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May 19, 2014

Frustration grows over $3.4B settlement delay

(Continued)

HELENA, Mont. —

Jennifer Keough, Garden City Group’s executive vice president and chief operating officer, did not return a call for comment.

The attorneys representing the plaintiffs in the class-action lawsuit, recognizing the frustration, plan to ask a federal judge this week to allow the distribution to take place before the appeals are finalized.

“The agreement says that no trust administration class payments can be made until all the members are identified,” said David Smith, an attorney for Kilpatrick, Townsend and Stockton LLP. “There are a lot of appeals, and many are extremely lengthy. We want to make sure everybody has a chance to participate in the settlement and it’s not a rush job.”

At issue is the second of two distributions in one of the largest U.S. government settlements in history, prompted by a lawsuit filed in 1996 by Blackfeet elder Elouise Cobell of Montana. Cobell sued the government after realizing that many Indians who owned land held in trust for them by the government lived in poverty with no accounting of the royalties they were due when the Interior Department leased their land for development, exploration or grazing.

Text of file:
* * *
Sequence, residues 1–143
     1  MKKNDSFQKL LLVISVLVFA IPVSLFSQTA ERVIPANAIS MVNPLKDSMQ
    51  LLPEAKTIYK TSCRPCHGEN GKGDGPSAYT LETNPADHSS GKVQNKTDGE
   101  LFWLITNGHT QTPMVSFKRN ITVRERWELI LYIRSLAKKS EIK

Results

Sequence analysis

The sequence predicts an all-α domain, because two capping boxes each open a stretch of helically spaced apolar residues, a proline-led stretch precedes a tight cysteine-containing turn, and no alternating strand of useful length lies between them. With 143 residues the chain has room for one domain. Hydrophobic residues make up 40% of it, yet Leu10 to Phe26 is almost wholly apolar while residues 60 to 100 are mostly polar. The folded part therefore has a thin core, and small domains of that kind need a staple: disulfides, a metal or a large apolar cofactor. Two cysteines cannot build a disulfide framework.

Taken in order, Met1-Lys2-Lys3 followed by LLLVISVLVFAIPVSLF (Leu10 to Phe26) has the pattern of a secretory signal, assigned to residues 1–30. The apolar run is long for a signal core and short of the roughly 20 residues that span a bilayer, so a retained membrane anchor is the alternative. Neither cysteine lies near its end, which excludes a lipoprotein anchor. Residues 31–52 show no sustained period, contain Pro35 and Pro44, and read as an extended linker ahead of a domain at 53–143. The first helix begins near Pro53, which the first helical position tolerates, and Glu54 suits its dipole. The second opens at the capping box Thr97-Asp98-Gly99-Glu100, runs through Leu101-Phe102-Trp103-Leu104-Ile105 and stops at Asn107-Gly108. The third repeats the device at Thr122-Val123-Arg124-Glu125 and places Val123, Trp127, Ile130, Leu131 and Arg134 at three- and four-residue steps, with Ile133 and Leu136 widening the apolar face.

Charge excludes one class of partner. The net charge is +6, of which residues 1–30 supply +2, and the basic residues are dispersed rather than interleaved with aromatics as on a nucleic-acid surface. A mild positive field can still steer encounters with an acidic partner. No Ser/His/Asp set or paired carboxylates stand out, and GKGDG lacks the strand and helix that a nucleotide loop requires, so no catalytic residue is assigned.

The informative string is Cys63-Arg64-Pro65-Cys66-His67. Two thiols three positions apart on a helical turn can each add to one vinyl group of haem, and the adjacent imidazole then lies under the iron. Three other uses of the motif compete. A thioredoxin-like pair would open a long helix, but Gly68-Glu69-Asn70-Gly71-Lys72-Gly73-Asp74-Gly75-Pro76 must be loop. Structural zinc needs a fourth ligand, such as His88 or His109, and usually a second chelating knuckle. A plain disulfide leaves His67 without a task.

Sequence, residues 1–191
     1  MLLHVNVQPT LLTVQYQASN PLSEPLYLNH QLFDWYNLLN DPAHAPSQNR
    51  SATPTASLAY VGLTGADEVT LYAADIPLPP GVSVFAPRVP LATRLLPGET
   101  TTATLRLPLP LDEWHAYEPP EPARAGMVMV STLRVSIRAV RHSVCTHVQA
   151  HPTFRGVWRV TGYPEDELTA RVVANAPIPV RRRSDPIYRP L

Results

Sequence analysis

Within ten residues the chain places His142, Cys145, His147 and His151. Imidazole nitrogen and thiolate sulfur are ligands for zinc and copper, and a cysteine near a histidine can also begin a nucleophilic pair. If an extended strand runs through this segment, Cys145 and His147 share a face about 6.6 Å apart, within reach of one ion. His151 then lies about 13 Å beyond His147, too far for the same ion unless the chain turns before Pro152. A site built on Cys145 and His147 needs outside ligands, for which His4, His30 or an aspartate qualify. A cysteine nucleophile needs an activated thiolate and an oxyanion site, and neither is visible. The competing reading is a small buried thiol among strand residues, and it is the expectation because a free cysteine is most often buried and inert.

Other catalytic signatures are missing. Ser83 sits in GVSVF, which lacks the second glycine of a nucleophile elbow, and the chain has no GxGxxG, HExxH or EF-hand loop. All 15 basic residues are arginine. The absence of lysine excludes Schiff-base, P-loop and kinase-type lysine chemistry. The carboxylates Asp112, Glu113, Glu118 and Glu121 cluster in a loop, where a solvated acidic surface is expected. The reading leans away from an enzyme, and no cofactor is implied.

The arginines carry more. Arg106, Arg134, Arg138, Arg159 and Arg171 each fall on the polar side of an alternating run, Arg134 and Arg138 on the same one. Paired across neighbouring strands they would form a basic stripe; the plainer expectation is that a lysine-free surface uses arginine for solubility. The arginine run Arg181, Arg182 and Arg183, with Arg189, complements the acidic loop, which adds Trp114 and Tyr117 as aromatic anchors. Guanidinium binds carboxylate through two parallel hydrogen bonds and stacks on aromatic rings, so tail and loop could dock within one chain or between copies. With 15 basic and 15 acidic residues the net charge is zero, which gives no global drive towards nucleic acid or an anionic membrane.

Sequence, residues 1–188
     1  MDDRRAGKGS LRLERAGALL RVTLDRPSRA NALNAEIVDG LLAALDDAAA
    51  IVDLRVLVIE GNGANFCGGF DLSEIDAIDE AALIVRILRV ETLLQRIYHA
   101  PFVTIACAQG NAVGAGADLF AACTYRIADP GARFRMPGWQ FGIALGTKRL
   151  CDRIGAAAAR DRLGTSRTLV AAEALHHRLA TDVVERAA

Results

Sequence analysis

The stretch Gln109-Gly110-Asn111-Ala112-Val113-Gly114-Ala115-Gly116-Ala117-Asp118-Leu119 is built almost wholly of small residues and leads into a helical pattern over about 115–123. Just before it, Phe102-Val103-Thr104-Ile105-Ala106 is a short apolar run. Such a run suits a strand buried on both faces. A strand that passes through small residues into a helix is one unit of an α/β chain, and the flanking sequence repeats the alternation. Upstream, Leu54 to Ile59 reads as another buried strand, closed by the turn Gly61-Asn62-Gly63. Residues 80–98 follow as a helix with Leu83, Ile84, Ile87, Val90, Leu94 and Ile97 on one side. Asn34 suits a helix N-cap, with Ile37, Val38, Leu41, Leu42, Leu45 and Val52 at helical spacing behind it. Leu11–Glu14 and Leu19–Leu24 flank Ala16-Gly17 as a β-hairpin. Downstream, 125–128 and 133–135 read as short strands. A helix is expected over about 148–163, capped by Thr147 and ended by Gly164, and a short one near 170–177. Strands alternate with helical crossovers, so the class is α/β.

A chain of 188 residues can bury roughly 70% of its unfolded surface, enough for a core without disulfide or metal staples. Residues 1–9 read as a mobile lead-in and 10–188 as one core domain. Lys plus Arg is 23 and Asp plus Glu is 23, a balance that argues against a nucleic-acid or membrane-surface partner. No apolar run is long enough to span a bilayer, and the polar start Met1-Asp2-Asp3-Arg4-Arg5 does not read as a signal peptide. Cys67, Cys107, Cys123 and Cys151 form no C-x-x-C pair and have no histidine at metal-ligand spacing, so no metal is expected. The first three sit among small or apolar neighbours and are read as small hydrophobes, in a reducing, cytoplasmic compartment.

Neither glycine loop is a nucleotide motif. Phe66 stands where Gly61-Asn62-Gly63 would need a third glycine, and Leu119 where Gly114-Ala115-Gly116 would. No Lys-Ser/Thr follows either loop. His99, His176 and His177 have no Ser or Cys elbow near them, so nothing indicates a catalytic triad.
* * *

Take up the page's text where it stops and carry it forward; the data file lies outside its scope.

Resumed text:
The lawsuit claimed the Interior Department mismanaged and squandered billions of dollars that were supposed to go to the landowners since the 1880s, but incomplete and missing records prevented them from determining how much was lost.

It took about 14 years to reach a settlement with the government, then another year for Congress to approve the deal in December 2010. It wasn’t until December 2012 that all the appeals over the settlement were dismissed and the first monetary distributions were mailed.

Those 339,106 beneficiaries, called the historical accounting class, received a flat payment of $1,000 apiece. That was the easy part.

The second round of distributions go to what is called the trust administration class in varying amounts based on a formula that looks at 10 years of the highest earnings in the royalty accounts held by the government, which are called Individual Indian Money trust accounts.

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